Posting Dates:

May 2010
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Pass me my change correctly please Tip #8

Sure, it sounds like a simple thing and perhaps you have more to worry about but sometimes it is these simple things that add up to a lasting impression.  Training your people to do the job correctly is more than just how to use the cash register – perhaps we should focus more on how we serve the customer.  I have a number of pet peeves when it comes to customer service but one of the simplest to fix is how to give the customer back his change and it always surprises me how rarely it is done like it should be.

Sure, professionalism in customer service isn’t everyone’s forte but some things are so simple.  Your staff only learn what you teach them so dedicate 2 minutes a day to professionalism in customer service – you can start with how to give change.  Take notice the next time you are out and see how many different ways people give out change following a cash transaction.

How not to give change:

  • Don’t pass the customer the bills and then pour the change on top of the bills in his hand
  • Don’t set the change down on the counter
  • Don’t count out all of the nickels and pennies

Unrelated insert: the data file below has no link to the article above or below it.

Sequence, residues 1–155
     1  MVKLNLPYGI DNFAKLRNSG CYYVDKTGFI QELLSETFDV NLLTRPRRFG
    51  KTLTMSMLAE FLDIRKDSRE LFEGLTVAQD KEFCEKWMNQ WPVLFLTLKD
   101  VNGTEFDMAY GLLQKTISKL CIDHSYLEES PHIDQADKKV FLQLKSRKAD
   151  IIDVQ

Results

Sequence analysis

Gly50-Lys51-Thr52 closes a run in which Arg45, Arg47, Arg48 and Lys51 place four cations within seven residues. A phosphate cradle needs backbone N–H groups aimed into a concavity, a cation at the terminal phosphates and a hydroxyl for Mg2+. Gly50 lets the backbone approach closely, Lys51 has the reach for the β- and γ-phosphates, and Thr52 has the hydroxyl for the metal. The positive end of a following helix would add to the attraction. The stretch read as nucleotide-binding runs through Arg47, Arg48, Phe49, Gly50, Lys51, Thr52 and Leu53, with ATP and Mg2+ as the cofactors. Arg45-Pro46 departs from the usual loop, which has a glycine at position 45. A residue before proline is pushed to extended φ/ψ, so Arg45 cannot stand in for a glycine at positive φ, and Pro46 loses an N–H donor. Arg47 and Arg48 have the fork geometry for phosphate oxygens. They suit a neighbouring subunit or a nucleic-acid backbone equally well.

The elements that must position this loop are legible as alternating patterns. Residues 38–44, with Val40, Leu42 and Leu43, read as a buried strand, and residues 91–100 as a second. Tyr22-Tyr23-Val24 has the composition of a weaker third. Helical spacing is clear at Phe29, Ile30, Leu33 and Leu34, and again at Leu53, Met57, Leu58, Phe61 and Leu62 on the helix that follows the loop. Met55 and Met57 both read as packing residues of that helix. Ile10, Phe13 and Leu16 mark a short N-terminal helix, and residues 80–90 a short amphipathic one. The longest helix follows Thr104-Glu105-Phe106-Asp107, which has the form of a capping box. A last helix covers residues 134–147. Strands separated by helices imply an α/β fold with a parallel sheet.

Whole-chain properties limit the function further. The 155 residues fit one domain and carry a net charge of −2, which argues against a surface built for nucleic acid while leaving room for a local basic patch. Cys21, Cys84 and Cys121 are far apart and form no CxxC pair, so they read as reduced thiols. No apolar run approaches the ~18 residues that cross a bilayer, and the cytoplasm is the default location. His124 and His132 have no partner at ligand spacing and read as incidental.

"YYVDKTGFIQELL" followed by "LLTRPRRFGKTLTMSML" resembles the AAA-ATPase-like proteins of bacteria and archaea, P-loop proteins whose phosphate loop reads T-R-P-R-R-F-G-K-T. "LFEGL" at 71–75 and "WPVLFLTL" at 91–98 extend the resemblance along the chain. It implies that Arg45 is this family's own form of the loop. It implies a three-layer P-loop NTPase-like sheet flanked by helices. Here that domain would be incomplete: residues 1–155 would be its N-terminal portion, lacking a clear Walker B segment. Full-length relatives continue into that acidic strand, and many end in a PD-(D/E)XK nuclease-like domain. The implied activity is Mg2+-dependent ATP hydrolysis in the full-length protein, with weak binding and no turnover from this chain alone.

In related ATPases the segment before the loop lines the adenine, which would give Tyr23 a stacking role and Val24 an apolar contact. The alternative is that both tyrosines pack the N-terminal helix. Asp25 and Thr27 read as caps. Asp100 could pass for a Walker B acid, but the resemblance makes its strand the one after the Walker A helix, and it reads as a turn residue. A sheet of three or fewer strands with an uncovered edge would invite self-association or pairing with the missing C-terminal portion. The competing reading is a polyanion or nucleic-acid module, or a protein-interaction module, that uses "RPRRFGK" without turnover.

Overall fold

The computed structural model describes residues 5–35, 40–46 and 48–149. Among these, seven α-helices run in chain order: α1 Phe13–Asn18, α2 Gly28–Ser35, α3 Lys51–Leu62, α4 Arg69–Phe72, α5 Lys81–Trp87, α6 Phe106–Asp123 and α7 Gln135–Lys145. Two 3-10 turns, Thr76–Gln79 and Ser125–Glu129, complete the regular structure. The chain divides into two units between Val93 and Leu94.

• Don’t give the bills first and then silver

My favorite way to give and receive change:

  • Let’s say the customer gives you a $20 bill for a purchase that is $14.42.  Take the customer’s $20 and set it on the top of your open cash tray, pull the change from the till and pass him the 58 cents saying “that is fifteen dollars” then hand him the five dollar bill “and that is $20.00 – thank you”.  Look for some sort of acknowledgment that he has received what he feels is the right amount of change for his $20.00 and then you can put the $20.00 away safely in your till.

Giving back change correctly does not mean that you have to count out all of the silver change but you should count out the bills.  Eg. on $4.42: that is five dollars, ten and twenty – thank you.  The process should be quick and is as much for your sake as a cashier as it is good customer service for the customer.

Take notice the next time you make a purchase and feel free to comment on this blog as to how you received your change.  Again, it is a simple aspect of customer service and will not likely make or break the success of your business.  With that said, I also believe that it is the attention to these types of details that will lead you to delivering excellence in customer service that will be memorable for your customers and set you apart from your competitors.  Now that you can train your people on how to give change, you are one step closer to being ready for QuickDeal to send you more customers – and we won’t mind now either.          [email protected]          250-412-3500

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